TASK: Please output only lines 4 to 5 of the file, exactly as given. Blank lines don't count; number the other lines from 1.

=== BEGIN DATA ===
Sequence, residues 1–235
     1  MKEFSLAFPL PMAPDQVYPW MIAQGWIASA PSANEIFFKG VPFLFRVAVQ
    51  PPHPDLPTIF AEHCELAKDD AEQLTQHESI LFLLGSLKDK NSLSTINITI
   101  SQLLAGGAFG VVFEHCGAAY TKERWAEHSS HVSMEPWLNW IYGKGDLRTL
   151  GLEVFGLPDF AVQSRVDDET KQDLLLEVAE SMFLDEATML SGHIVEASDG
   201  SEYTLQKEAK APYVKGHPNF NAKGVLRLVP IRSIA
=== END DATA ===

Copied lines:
   101  SQLLAGGAFG VVFEHCGAAY TKERWAEHSS HVSMEPWLNW IYGKGDLRTL
   151  GLEVFGLPDF AVQSRVDDET KQDLLLEVAE SMFLDEATML SGHIVEASDG